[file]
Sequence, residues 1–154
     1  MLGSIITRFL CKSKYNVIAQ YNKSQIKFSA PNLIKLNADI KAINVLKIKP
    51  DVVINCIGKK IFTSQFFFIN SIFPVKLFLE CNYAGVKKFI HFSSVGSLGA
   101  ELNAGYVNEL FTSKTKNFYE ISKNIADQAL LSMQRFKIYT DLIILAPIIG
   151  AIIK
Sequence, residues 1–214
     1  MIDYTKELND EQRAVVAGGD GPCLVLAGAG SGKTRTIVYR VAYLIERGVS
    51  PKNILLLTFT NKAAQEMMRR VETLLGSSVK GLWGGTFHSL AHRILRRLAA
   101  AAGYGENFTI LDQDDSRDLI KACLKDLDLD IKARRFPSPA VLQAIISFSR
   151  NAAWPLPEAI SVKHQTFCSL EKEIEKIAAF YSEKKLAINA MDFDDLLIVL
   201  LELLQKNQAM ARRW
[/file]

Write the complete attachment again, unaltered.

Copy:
Sequence, residues 1–154
     1  MLGSIITRFL CKSKYNVIAQ YNKSQIKFSA PNLIKLNADI KAINVLKIKP
    51  DVVINCIGKK IFTSQFFFIN SIFPVKLFLE CNYAGVKKFI HFSSVGSLGA
   101  ELNAGYVNEL FTSKTKNFYE ISKNIADQAL LSMQRFKIYT DLIILAPIIG
   151  AIIK
Sequence, residues 1–214
     1  MIDYTKELND EQRAVVAGGD GPCLVLAGAG SGKTRTIVYR VAYLIERGVS
    51  PKNILLLTFT NKAAQEMMRR VETLLGSSVK GLWGGTFHSL AHRILRRLAA
   101  AAGYGENFTI LDQDDSRDLI KACLKDLDLD IKARRFPSPA VLQAIISFSR
   151  NAAWPLPEAI SVKHQTFCSL EKEIEKIAAF YSEKKLAINA MDFDDLLIVL
   201  LELLQKNQAM ARRW